Saturday, April 14, 2012

Morgan Stanley on High Frequency Trading and the Inevitable Destruction of the Equity Market (futures too)

A tour de force.
From ZeroHedge:
Why The Market Is Slowly Dying
Three years ago, when virtually nobody had yet heard of High Frequency Trading, Zero Hedge wrote "The Incredibly Shrinking Market Liquidity, Or The Upcoming Black Swan Of Black Swans" in which we asked "what happens in a world where the very core of the capital markets system is gradually deleveraging to a point where maintaining a liquid and orderly market becomes impossible: large swings on low volume, massive bid-offer spreads, huge trading costs, inability to clear and numerous failed trades?" Subsequent to this, our observation was proved right on both an acute (the May 6, 2010 Flash Crash), and chronic (the nearly 50% collapse in average daily volumes since the 2008 top) secular basis. And while we are not happy to have been proven correct in this particular forecast, as it ultimately means the days of equity capital markets in their current configuration are numbered, we now note that none other than Morgan Stanley's Quantitative and Derivative Strategies released a note which, with a three year delay, effectively predicts the end of capital markets in a world where every declining retail participation (another topic we have been hammering for the past 3 years as it is only the most natural response to a world in which not only equities are openly manipulated by central banks, but in which perpetrators for massive market disturabances are neither identified nor prosecuted) is replaced by artificial high frequency trading churn, which never was and never will be a true liquidity provider on a long-term basis.

To wit from Morgan Stanley: "In our mind, many of the approaches to algorithmic execution were developed in an environment that is substantially, structurally different from today’s environment. In particular, the early part of the last decade saw households as significant natural liquidity providers as they sold their single stock positions over time to exchange them for institutionally managed products... While the time horizon over which liquidity is provided can range from microseconds to months, it is particularly shorter-term liquidity provisioning that has become more common." Translation: as retail investors retrench more and more, which they will due to previously discussed secular themes as well as demographics, and HFT becomes and ever more dominant force, which it has no choice but to, liquidity and investment horizons will get ever shorter and shorter and shorter, until eventually by simple limit expansion, they hit zero, or some investing singularity, for those who are thought experiment inclined. That is when the currently unsustainable course of market de-evolution will, to use a symbolic 100 year anniversary allegory, finally hit the iceberg head one one final time.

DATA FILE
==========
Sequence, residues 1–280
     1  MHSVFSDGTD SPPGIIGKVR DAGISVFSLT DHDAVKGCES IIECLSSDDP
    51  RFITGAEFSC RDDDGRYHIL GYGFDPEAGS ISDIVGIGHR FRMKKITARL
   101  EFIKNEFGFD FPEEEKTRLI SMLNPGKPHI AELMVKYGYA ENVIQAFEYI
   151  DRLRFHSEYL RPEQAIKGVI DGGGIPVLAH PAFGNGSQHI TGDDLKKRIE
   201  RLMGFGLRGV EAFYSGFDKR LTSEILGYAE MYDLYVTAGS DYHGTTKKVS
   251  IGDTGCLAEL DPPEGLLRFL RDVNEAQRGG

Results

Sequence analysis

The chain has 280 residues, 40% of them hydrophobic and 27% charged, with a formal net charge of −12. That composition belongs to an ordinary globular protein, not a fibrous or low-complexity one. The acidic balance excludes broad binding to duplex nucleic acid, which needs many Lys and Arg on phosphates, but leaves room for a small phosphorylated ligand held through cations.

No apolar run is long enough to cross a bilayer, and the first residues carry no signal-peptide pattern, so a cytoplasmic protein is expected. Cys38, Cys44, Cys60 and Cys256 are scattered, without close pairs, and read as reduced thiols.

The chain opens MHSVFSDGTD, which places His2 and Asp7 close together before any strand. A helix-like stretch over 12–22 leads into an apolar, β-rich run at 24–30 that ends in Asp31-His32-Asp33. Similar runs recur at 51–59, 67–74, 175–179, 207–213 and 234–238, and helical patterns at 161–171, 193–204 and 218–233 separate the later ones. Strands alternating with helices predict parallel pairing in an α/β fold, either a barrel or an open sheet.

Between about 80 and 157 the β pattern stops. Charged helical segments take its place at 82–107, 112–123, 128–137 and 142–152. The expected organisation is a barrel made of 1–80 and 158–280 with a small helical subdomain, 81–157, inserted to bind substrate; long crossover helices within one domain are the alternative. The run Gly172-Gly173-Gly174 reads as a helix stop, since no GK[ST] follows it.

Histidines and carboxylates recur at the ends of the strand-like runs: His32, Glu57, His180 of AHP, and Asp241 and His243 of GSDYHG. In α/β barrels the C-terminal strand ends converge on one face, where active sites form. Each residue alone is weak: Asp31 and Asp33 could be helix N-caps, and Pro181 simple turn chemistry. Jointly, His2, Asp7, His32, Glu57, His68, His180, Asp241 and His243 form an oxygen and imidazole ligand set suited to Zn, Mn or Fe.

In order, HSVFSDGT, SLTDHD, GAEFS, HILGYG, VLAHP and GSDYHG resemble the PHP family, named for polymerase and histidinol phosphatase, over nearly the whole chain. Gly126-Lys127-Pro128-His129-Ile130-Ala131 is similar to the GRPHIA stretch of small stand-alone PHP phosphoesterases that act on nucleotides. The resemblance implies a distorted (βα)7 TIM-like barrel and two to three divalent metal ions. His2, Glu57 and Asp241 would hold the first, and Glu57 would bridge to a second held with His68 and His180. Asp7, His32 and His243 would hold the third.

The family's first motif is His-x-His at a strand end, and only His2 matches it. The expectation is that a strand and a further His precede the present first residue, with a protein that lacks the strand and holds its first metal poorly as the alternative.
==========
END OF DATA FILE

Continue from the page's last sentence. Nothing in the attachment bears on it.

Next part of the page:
How does Morgan Stanley frame their analysis? First, MS notes the ever increasing ownership of the stock market by big institutions, as retail investors took a back seat to investment allocation decisions, a secular theme until 2008, which however has subsequently plateaued: